There’s no one-size-fits-all career pathing in the tech industry.
About 50 developers gathered high up on the 45th floor of the Comcast Center for the 100th meetup of GDG Philly, a group for folks interested in Google’s technologies, on Wednesday night to talk engineering career moves.
“It’s rare for a group to last this long,” said co-organizer Yash Prabhu, a senior engineering manager at Comcast: The meetup started a few years ago, and is now more than 1,700 members strong. Wednesday’s event welcomed members in for a panel on “navigating your career as a technologist,” moderated by Prabhu.
Panelists Mel Shafer, QA team lead at Warner Bros Digital Labs; Brian McElaney, SVP of Think Company; and Audrey Troutt, director of mobile engineering at Comcast, talked their career trajectory, interviewing, resumes, team dynamics and culture fit in Philly’s tech scene.
Here are some notable ideas we heard during the discussion.
A “nontraditional” background is A-OK.
Neither Shafer, McElaney nor Troutt intended to go into the development world when they first started planning their careers, they said. Shafer had initially looked into teaching, McElaney joined the military and Troutt studied physics and music during undergrad.
But due to curiosity or wanted to create something themselves, they all found their ways into the tech world. And when it comes to learning the skills necessary? There’s a few ways into the field, they said.
“You can learn a lot on your own with programing and app development, but there’s still some value in structured education. It’s really about knowing how you learn best,” Troutt said. “What I see people doing successfully is getting that base of skills, bootcamp, doing projects or getting a degree. A lot of it is getting yourself in with meetups or groups or connections like this that will be your foot in the door.”
The state of interviewing for tech jobs could use a change.
“Never in my natural working experience have I had to write code on a whiteboard,” Shafer said. “There’s got to be a [better] way of verifying someone’s skills.”
The classic dev interviewing tactic doesn’t really hold up in real life, she said. Instead, as manager, she likes to make interviewees write a function that she and her coworkers could use and solve themselves.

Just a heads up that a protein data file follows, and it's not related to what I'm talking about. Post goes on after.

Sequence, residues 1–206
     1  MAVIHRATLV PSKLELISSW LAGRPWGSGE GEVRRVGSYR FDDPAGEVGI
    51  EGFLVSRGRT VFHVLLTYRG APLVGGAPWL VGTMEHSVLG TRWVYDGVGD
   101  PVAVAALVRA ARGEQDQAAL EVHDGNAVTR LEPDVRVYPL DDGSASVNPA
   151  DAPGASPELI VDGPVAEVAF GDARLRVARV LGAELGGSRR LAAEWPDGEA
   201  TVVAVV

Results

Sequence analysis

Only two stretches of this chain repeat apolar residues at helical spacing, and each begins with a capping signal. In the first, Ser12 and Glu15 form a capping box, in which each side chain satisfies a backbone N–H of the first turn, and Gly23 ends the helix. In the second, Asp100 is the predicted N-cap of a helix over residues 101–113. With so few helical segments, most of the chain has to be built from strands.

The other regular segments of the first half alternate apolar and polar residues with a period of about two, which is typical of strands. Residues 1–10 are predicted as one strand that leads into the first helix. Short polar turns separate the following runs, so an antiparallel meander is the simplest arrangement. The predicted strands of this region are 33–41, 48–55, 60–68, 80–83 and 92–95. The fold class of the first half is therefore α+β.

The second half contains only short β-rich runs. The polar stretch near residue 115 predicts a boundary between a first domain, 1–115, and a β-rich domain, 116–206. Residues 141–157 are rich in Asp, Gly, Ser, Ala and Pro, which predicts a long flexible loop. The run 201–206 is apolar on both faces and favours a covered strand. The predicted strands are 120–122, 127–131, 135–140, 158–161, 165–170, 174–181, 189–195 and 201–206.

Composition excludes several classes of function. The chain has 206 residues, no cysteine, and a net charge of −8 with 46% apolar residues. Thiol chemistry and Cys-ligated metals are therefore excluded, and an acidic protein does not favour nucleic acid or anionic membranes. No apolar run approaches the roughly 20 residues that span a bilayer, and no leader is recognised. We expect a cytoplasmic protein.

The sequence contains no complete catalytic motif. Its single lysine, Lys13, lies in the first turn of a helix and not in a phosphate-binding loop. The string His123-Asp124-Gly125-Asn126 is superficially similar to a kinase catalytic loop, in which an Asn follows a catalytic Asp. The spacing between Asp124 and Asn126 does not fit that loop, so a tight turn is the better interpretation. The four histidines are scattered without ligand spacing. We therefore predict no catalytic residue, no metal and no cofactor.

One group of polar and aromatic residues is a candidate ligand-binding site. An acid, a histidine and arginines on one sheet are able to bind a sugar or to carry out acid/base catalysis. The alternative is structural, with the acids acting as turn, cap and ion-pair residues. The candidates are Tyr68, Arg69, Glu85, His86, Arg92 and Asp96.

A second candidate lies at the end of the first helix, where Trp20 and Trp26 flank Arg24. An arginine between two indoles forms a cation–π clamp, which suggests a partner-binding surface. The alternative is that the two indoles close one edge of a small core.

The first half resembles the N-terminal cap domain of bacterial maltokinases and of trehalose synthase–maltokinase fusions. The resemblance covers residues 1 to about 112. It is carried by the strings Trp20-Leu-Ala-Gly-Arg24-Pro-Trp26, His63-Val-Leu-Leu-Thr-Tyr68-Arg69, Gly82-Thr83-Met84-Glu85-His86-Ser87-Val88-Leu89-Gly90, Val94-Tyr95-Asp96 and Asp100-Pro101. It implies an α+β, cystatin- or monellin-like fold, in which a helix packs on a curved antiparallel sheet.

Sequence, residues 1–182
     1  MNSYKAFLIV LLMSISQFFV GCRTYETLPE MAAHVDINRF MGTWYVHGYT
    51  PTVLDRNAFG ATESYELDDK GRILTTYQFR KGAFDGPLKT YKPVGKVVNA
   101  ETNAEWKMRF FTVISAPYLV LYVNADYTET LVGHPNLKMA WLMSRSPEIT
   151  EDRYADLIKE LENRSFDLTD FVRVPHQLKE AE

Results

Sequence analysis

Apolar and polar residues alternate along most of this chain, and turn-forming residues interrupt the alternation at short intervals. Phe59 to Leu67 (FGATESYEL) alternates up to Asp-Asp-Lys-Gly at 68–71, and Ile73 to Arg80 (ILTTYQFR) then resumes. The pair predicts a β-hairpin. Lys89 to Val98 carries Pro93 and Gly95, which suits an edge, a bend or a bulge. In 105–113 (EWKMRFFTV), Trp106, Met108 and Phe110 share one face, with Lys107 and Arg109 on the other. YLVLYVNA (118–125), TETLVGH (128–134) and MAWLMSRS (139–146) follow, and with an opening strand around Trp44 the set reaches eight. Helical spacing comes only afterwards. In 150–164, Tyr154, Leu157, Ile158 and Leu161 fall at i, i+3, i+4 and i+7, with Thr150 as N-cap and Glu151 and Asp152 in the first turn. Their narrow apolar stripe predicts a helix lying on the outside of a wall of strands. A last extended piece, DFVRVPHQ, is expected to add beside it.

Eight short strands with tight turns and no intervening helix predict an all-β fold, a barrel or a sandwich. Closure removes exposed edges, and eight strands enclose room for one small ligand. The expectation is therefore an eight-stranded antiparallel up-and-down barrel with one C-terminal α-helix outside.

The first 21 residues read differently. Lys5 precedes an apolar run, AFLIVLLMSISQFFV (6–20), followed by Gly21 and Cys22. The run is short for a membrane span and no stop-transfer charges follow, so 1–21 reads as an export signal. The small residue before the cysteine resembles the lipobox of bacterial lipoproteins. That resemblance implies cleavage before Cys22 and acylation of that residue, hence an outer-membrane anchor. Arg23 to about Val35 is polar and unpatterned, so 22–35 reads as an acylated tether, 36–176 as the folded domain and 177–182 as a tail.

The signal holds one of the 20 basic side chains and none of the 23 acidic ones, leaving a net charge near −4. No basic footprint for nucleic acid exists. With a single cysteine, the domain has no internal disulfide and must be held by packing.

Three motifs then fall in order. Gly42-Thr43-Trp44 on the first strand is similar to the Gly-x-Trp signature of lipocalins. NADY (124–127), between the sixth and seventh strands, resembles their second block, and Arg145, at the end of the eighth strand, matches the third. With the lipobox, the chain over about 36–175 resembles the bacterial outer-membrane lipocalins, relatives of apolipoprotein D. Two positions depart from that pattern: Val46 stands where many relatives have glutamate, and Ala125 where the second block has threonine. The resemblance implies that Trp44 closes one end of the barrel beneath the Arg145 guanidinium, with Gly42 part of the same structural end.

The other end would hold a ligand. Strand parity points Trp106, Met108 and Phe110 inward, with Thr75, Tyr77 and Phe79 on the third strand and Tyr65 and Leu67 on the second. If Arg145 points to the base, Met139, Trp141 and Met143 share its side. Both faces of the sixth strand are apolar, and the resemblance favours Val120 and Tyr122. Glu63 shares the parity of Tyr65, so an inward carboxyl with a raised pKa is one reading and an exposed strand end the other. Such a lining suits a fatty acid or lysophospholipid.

Shafer also added that she sees value in asking pointed tech questions with context, like, “what is your experience with Python, because we use it in these specific ways.”
And when it comes to a harder question or a topic an interviewee doesn’t know the exact answer to, it’s best to fess up to that, but explain what you do bring to the table, or what you know about similar programing languages.
“I think you learn a lot by the way a company interviews,” Shafer said. “I ask tech questions, yes, but that’s not the only thing I look for. Do you understand systems? Do you know how you best learn?”
Fitting into company culture isn’t the most important thing, but it’s still pretty important.
Yes, tech companies need to know that their employees know the technology, but they also have to know that they’ll fit in as a part of the team, panelists said.
McElaney said that tech companies sometimes fail to realize how the roles and personalities of their employees have to work together and, “it’s something that holds us back.”
“I want to know what books you’ve read lately, do you know the giants in the industry, where have you previously worked and what were the company values there?” he said.
But making sure the company is a good fit for you, and not just that you’re a good fit for the company, is important too, panelists said.
Shafer and Troutt said that as women working in tech, it’s been essential to have other women representatives to look up to.
“You want to walk into a company and know that there are other people that look like you and represent who you are,” Troutt said. “Looking at the leadership of the company is a great indicator in who they’ll invest in.”-30-